From Kevin Johnson, President and CEO
Bringing investment and economic growth to Detroit starts with highlighting our unique advantages. One of those advantages is Detroit’s immediate access to the Windsor-Essex region of Ontario, Canada, which opens cross-border business opportunities and serves as a gateway to the world. Detroit is the largest city on the U.S.-Canadian border and Canada is Michigan’s largest export market. Furthermore, the fluid movement of skilled workers is an essential resource to the region’s employers. Both the state and region can realize tremendous lift by reinforcing this geographic advantage.
Nearly $500M in commercial goods crosses the Windsor-Detroit border every day. Over 7,500 workers commute across the border daily, most notably highly specialized medical staff who provide care to Detroiters within our hospital system. As we grow our U.S.-Canada effort to attract new investment into the region, we must ensure that goods and people move efficiently and securely, especially for our major employers who rely on complex supply chains and diverse human capital. It is critical that we boldly facilitate additional cross-border infrastructure for the Windsor-Essex region and Detroit/Southeast Michigan region.
Staying ahead of the innovation curve is critically important for our region, as is creating seamless border travel. Our continued economic development depends on investing in new infrastructure solutions. To increase our success as a region, we must increase our border-crossing capacity.
Above all, constructing a new U.S.-Canada bridge is about generating economic opportunity. Despite any debate, the facts are unassailable: the Ambassador Bridge is over capacity and in need of repair. Our national security and the stability of our region’s commerce depend on the diversification of our transportation options. That includes providing multiple crossings, as well as backup systems that minimize disruptions of any kind.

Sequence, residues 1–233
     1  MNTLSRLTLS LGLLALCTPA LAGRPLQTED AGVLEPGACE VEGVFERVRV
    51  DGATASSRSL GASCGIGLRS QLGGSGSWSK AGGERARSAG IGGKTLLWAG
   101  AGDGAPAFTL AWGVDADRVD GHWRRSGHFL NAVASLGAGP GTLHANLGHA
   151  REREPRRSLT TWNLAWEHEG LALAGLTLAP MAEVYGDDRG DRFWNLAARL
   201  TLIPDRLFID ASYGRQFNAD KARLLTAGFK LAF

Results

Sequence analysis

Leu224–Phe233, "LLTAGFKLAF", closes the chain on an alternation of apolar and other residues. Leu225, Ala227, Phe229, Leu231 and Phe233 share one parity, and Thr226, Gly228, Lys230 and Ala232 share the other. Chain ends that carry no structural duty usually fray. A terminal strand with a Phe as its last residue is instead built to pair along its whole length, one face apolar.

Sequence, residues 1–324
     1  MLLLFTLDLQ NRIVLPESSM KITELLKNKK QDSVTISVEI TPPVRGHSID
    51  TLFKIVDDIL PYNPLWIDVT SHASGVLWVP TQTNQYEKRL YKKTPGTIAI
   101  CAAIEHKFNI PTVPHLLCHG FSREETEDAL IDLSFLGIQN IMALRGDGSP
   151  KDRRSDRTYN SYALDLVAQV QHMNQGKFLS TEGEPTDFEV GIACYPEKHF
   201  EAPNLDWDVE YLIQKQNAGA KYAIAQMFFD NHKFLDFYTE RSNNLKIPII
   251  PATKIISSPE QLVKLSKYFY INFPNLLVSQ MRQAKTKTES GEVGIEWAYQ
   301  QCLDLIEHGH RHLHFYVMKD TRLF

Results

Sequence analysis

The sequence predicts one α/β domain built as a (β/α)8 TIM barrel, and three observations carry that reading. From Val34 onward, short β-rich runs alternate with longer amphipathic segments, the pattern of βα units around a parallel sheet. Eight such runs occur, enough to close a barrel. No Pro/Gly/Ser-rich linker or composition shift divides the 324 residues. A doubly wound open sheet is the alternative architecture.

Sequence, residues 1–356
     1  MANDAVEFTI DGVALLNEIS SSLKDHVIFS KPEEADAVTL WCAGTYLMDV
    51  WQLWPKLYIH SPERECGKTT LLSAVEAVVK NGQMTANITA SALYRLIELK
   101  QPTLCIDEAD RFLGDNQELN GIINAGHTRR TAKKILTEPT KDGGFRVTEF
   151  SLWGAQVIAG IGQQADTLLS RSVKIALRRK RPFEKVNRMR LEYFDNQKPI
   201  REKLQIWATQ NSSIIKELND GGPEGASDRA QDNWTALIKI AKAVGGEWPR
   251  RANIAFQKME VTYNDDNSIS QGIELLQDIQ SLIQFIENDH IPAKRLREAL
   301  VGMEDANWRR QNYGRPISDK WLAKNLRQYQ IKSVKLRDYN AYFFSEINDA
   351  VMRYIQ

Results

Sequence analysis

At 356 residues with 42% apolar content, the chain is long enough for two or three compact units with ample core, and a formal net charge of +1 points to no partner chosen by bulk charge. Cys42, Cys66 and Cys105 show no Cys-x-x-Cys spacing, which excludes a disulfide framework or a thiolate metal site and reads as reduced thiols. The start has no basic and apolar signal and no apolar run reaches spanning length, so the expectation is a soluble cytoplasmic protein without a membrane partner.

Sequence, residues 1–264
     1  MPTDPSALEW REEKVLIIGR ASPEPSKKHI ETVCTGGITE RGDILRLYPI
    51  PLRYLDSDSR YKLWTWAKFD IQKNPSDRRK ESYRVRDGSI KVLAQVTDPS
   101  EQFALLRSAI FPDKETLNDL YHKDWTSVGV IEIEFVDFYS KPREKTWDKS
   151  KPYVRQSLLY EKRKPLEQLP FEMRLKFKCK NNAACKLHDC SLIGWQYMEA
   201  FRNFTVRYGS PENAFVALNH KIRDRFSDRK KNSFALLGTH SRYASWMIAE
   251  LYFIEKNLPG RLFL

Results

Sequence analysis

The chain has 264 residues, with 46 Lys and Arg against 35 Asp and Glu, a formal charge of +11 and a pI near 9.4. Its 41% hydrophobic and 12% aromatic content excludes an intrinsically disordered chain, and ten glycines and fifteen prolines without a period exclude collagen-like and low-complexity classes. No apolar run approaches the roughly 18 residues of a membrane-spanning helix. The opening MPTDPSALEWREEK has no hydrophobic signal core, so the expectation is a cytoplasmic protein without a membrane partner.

The new bridge will further this efficiency by providing the most technologically advanced border crossing in the world. Through both the bridge design, and applying advancements in mobility technologies, the bridge and ports of entries will provide for efficient movement of goods and people, thus enhancing productivity and quality of life for those throughout the region.
The DEGC is proactively working to ensure that the decisions made to improve our trade capacity benefit Detroit and Detroiters. A critical factor is fully capturing the development value a new crossing presents. We’re focused on transforming the traditional crossing experience to allow for commerce inside of Detroit – rather than just creating a bypass that adds no benefit for the city. We’re also committed to making sure Detroit residents benefit from the value created by this transformative investment. City officials and residents have worked hard to secure a community benefits agreement and non-motorized connectivity to ensure the bridge supports its host communities.
Our team is meeting with Windsor partners to study the impact of new crossing alternatives on traffic, the environment, job creation, revenue, and quality of life for our residents. Direct access to an international border crossing is a major value proposition that few cities can claim. By actively participating in the planning process, DEGC will position Detroit’s access to Canada as an asset to attract new investment, talent and other resources.
Our region is known for partnerships: between government and private industry, automotive and technology companies, and between the two great countries we represent. Bi-national collaboration is the cornerstone of our region’s economy. As leaders, we must look beyond what separates our two countries, and instead embrace what unites us. The world’s fastest-growing urban regions are highly connected, cross-border communities. Through construction of a new bridge, and deepening our connections with Windsor-Essex, we will provide Detroit with unrivaled competitive advantages among global cities.
Border Crossing Fast Facts
Why a new international border crossing is good for business
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